The Circle of Life and the seasonal festivals
by Francis Joy (22.6.2011)
The inspiration and motivation for the creation of the circle evolved
from a guided meditation in complete darkness, during the ARKTIS
Doctoral program at the Pyhä Summer School, Pyhätunturi, eastern
Lapland, which included students from the Arctic Centre, and Aalto
University Design School from Helsinki.
The circle has always been a symbol associated with the cycles of birth, life, death and re-birth. Each of the four quarters of north, east, south and west are also represented by the elements of earth, air, fire and water, and within the centre of the circle is a fifth element, that of spirit-either, which underlies the totality of creation. It is the constant cycling and re-cycling of each of these elements which brings matter into form that is infused with spirit and subsequently life in born. Each quarter has universal significance concerning solar activity where four main observances are celebrated throughout the course of each year, namely, the summer and mid-winter solstices, and the vernal and autumn equinoxes.
In every culture, the circle has much value as a symbol of balance which reflects the opposites of male and female; darkness and light; day and night, of life and death and so forth.
In northern and central Europe, the circle or wheel of the year usually consists of eight spokes or directions; four associated with solar activity and four with lunar activity and the cycles of the moon. These four lesser or in-between variants in northern Scandinavia are points on the calender that mark the activities associated with hunting and fishing, birthing of calves in the spring, slaughter of reindeer and moose in the autumn. They are also associated with pastoral activity such as sowing seeds and collecting the harvest. In central Europe the four lunar points on the calender which correspond to agricultural activities such as the melting of snow and ice prior to sowing seeds, fertility and breeding of cattle, cutting the first harvest from the fields, and then collecting the last harvest of the year which falls from the trees. This last season is associated with death and decay.
The cycle of the earth and the cycle of human beings and animals are interrelated with each other, At the centre of the cycles of nature is the Sun, and at the centre of the life of human beings and animals is the Soul, which in the old calender, reminds us the old worldview of the hunters and agricultural peoples that once existed whereby the soul was thought to have originated from the sun, and so they believed that these two forces moved together in a constant cycle with each other; the sun being the driving force for life.
The circle in the photograph which is constructed from small stones (earth element), and spruce cones (fire element), is marked out by eight segments which are chiefly characterized by the four directions of north, east, south and west. The foot prints which are made from pebbles indicate on the calender the approach to Midummer, the 21st day of June; a time of the fullness of life and creation, the longest day of the year where everything is in full bloom. We are reminded of our own journeys through time at this point; sometimes it may be from continent to continent, from south to north, north to south, west to east, east to west, or it might be the case there has been no activity because we have been facing difficulties and challenges at this time. At midsummer we can look behind at the journey through the year so far. In front of us, one may choose to look ahead to where one wishes to go and with whom.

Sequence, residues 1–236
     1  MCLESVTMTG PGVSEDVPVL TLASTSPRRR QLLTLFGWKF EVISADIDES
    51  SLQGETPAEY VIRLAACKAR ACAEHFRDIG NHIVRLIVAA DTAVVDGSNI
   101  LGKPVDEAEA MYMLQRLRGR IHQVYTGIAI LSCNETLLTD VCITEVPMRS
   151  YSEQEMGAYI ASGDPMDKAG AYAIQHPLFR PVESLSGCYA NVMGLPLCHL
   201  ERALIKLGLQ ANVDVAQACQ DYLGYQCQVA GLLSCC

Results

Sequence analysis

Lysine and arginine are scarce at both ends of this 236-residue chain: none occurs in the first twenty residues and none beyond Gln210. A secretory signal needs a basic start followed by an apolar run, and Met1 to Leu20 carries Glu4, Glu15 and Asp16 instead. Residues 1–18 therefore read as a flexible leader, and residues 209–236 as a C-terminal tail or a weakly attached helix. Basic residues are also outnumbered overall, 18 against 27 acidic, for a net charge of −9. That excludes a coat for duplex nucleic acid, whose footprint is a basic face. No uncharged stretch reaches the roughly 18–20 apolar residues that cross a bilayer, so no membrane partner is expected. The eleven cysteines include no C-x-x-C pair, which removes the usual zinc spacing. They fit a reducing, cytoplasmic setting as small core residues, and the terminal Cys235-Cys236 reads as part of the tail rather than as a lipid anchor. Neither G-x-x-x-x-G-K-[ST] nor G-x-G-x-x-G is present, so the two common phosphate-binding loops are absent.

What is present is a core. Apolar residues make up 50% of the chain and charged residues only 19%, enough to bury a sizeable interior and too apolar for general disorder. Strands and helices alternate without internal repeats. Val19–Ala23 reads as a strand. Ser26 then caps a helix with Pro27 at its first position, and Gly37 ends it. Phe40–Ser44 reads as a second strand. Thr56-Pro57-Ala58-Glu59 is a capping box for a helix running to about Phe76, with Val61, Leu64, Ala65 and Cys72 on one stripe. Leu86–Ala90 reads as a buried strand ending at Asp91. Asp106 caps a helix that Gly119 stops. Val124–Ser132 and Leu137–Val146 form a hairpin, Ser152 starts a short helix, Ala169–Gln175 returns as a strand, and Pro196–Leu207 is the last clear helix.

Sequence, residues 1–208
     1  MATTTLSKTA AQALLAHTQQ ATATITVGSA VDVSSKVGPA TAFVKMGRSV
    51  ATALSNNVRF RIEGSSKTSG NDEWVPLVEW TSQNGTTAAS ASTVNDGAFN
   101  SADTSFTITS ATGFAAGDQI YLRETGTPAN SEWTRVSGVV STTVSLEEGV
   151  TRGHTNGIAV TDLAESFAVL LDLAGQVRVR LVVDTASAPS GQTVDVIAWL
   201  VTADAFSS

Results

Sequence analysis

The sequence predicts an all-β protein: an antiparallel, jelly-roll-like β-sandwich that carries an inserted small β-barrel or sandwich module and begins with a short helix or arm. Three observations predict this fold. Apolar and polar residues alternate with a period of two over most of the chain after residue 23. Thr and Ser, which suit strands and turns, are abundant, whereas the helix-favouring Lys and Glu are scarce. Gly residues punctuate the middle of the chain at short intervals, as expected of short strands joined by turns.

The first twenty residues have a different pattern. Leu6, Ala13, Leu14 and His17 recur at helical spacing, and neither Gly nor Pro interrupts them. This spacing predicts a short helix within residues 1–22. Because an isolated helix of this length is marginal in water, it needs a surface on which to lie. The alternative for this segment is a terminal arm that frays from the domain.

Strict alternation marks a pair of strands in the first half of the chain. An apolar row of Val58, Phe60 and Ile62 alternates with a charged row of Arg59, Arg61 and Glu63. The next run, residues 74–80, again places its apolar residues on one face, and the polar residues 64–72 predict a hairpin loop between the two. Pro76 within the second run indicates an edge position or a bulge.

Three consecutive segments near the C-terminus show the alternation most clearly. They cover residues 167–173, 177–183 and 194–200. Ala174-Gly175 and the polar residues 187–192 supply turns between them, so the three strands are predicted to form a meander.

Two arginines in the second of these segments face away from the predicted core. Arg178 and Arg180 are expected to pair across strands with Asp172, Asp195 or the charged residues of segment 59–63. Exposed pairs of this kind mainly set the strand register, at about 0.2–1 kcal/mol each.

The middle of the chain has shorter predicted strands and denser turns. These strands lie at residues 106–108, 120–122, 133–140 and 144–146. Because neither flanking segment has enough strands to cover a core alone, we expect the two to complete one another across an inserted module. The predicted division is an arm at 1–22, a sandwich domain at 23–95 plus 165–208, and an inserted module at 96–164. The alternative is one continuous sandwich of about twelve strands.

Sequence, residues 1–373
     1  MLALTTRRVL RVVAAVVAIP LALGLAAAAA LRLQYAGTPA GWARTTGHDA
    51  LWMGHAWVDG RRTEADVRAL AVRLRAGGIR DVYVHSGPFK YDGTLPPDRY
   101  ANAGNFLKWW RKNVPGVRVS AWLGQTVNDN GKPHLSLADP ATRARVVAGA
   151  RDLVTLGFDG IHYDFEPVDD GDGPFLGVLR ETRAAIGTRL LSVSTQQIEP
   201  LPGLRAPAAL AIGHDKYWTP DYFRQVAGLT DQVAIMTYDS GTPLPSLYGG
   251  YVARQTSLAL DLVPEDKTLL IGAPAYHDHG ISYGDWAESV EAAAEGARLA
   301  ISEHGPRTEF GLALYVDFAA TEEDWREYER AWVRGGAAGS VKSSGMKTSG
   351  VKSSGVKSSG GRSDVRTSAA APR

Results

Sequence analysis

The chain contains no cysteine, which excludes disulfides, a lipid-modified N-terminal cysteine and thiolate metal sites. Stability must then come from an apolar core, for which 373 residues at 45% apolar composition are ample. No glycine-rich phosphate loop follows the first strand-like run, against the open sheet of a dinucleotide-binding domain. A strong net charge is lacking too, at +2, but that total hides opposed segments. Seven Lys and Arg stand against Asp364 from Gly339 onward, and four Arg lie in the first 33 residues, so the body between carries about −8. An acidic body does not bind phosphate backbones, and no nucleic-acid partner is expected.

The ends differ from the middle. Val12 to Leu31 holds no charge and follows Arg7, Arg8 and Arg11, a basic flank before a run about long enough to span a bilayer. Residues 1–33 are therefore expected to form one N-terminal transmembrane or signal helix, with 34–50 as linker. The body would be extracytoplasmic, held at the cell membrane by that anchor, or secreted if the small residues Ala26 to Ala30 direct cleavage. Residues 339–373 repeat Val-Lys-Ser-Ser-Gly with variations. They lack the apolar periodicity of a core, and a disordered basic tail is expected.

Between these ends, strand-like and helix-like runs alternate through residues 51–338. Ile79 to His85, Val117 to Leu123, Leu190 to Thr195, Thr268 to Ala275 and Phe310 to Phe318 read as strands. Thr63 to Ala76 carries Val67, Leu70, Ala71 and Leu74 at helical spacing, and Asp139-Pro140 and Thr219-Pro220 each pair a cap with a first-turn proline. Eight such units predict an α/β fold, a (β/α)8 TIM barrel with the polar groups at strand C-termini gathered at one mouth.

Another classic representation of a symbol representing the circle-cosmos and cycles of life in the north is the noaidi-shaman’s drum. The drum has at one time been compared to a bible without scripture, a sacred vessel which was worshipped; representing the powers of the different directions and all that existed within them which had importance for the hunters. In earlier times in Finnish Lapland, the cosmos was also represented by a tree which had between 3-5 different levels to it. At the very top was the Pole Star which was considered to hold up the sky as the point at the centre of the universe. In Norway and Sweden the noaidi drums had a sun symbol in the centre, just like the cycle of life. Stories were painted in symbolic ways on the drum skin as a form of oral communication which was enhanced by traditional knowledge and hunting myths. Each symbol was a representation of the noaidi’s journey through sacred time and space, travelling between the realms of the sacred and profane.
The circle with the sun at its centre reminds us of how our own individual journeys each hour, day, week, month or year, is a story about the trials and tribulations of life. On occasion we remember to stop and think about where we are, whom we are with, and how the journey is unfolding.
Francis Joy working. Photo © Päivi Soppela